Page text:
UK judges resign from Hong Kong court over China's crackdown on dissent

4 minute read

A general view shows insids the Court of Final Appeal (CFA) at Central, in Hong Kong, China September 18, 2015. REUTERS/Tyrone Siu

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LONDON/HONG KONG, March 30 (Reuters) - Two senior British judges, including the president of the UK Supreme Court, resigned from Hong Kong's highest court on Wednesday because of a sweeping national security law imposed by China cracking down on dissent in the former British colony.

Robert Reed, who heads Britain's top judicial body, said that he and colleague Patrick Hodge would relinquish their roles with immediate effect as non-permanent judges on the Hong Kong Court of Final Appeal (CFA).

"I have concluded, in agreement with the government, that the judges of the Supreme Court cannot continue to sit in Hong Kong without appearing to endorse an administration which has departed from values of political freedom, and freedom of expression," Reed said in a statement.

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Britain, which handed Hong Kong back to China in 1997, has said the security law that punishes offences like subversion with up to life imprisonment has been used to curb dissent and freedoms. London also says the law is a breach of the 1984 Sino-British Joint Declaration that paved the way for the handover.

Many of the city's democratic campaigners have been arrested, detained or forced into exile, civil society groups shuttered and liberal media outlets forced to close under a security crackdown since the law was enacted in June 2020.

Beijing says the law has brought stability to Hong Kong, rocked by months of sometimes violent anti-government street protests in 2019, and that it includes human rights safeguards.

Hong Kong leader Carrie Lam expressed "regret and disappointment" over the move.

Lam said in a statement that foreign judges had made a valuable contribution to Hong Kong for 25 years but "we must vehemently refute any unfounded allegations that the judges' resignations have anything to do with...the national security law".

Hong Kong Chief Justice Andrew Cheung said in a statement that he noted with "regret" the resignations of Reed and Hodge, saying the judiciary was committed to the rule of law.

PRESSURE ON OTHER FOREIGN JUDGES

British Foreign Secretary Liz Truss said Hong Kong had witnessed "a systematic erosion of liberty and democracy".

"The situation has reached a tipping point where it is no longer tenable for British judges to sit on Hong Kong's leading court, and (this) would risk legitimising oppression," she added.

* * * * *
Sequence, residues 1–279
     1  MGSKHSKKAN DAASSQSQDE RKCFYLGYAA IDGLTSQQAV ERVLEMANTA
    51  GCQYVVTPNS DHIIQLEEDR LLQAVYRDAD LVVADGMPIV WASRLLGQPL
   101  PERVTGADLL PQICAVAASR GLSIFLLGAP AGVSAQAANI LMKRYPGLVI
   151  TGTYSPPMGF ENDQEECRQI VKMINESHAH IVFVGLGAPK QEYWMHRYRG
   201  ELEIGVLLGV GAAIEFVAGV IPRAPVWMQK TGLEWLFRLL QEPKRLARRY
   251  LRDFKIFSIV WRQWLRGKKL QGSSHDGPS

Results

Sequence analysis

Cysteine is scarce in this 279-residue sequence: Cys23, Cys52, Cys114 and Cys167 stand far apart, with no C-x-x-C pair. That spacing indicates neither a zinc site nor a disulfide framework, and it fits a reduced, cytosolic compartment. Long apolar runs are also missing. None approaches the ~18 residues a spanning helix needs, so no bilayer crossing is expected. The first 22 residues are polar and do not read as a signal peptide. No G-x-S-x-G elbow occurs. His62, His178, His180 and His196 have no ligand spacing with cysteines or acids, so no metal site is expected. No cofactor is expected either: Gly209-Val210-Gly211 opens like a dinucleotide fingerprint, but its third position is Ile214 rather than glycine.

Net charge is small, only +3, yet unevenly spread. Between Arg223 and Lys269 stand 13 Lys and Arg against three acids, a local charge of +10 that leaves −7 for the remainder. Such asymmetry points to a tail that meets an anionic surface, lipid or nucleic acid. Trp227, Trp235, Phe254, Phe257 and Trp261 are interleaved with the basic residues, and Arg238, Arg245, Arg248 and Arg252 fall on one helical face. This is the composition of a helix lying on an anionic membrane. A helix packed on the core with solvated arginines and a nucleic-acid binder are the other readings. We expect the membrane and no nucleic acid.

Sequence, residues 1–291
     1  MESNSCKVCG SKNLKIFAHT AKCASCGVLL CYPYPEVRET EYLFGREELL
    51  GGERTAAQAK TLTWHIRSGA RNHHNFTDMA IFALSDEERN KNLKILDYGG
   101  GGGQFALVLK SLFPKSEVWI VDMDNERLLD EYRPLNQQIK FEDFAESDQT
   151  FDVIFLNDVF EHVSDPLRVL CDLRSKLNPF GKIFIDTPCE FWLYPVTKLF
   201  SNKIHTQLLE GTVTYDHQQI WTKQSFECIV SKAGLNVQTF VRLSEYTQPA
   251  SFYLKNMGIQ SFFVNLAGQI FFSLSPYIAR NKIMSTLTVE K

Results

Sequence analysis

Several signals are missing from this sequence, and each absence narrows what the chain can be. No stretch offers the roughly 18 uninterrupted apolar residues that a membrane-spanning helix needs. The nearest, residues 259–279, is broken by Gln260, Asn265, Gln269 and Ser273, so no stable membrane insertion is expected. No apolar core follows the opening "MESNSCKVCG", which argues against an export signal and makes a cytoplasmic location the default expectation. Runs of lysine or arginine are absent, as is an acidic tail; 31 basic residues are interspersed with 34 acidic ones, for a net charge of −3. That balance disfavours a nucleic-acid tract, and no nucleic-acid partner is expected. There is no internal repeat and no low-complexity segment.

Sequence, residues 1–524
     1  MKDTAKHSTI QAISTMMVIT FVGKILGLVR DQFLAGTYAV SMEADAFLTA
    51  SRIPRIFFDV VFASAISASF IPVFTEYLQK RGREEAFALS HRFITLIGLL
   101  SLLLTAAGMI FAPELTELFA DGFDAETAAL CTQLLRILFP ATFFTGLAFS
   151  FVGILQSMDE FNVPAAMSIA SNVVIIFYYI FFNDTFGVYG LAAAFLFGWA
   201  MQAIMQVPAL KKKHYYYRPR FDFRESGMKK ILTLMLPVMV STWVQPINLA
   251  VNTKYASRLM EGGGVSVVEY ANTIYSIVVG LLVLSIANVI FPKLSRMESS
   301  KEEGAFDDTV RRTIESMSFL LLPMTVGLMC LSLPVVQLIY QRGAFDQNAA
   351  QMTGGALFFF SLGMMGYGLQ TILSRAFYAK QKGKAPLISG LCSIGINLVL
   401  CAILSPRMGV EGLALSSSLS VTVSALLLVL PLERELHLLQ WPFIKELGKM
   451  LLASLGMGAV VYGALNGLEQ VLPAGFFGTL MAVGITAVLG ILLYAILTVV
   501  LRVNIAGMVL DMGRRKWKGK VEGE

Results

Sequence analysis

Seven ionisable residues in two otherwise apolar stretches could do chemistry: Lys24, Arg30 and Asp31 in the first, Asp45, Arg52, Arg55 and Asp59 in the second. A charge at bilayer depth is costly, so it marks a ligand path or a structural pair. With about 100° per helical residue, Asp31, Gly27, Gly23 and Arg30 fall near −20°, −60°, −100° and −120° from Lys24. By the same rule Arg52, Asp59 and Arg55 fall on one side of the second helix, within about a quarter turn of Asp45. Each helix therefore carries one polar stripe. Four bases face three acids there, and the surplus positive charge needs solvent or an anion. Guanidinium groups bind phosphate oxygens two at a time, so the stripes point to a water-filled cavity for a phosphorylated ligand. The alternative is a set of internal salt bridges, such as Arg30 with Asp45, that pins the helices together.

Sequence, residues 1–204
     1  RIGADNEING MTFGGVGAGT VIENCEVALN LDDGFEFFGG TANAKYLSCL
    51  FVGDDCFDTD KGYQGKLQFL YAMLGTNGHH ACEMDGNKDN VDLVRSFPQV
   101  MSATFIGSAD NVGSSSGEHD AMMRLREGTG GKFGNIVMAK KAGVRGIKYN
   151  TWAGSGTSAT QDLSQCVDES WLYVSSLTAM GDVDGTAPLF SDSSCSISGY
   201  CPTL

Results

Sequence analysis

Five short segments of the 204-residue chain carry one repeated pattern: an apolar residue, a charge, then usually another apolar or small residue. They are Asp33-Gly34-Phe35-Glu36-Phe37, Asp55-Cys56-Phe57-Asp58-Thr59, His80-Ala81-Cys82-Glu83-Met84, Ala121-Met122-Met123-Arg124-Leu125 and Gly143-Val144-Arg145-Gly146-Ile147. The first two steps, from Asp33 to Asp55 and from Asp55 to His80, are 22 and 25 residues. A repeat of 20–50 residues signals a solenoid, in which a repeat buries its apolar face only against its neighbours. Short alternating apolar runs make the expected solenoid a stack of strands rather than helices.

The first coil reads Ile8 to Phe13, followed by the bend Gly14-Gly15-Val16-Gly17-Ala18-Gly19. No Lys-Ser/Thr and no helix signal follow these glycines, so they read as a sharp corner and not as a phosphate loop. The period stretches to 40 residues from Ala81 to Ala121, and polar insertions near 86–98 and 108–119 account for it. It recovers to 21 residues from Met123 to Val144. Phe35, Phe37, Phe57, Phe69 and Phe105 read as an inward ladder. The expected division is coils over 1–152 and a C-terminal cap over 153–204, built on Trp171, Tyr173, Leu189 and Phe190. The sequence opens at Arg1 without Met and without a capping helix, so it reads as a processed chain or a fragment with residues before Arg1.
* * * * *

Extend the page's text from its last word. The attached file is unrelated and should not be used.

Truss this month criticised Hong Kong authorities for accusing a British-based human rights groups of colluding with foreign forces in a "likely" violation of the security law. read more

In a report on Hong Kong last December, she said that while judicial independence was increasingly finely balanced, she believed British judges could still "play a positive role in supporting this judicial independence".

The presence of foreign judges in Hong Kong is enshrined in the Basic Law, the mini-constitution that guarantees the global financial hub's freedoms and extensive autonomy under Chinese rule, including the continuation of Hong Kong’s common law traditions forged during the colonial era.

Reed has previously said he would not serve on the HKCFA in the event the judiciary in the city was undermined.

Local lawyers said the resignations would likely put pressure on the 10 other foreign Court of Final Appeal judges to quit. Six of these are British.

Those judges, also from Canada and Australia, are mostly retired senior jurists in their home countries, unlike Reed and Hodge, who were still serving.

Two other foreign judges, Britain's Brenda Hale and Australia's James Spigelman, have also stepped down from the city's highest court since 2020.

"It is a big blow to the local fraternity and the grand tradition of Hong Kong's rule of law," one veteran barrister told Reuters. "For all the pressures ahead, we really needed them and I fear what comes next."

In a statement on Wednesday, Hong Kong Law Society president Chan Chak Ming urged Reed and Hodge to reconsider their moves, expressing "deep regret" and saying that the decision "disappointingly falls short" of the support among the public and legal community for the continued role of overseas judges.

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Reporting by Michael Holden and William James in London and Greg Torode and James Pomfret in Hong Kong; Editing by Kate Holton, Barbara Lewis, John Stonestreet and Nick Macfie

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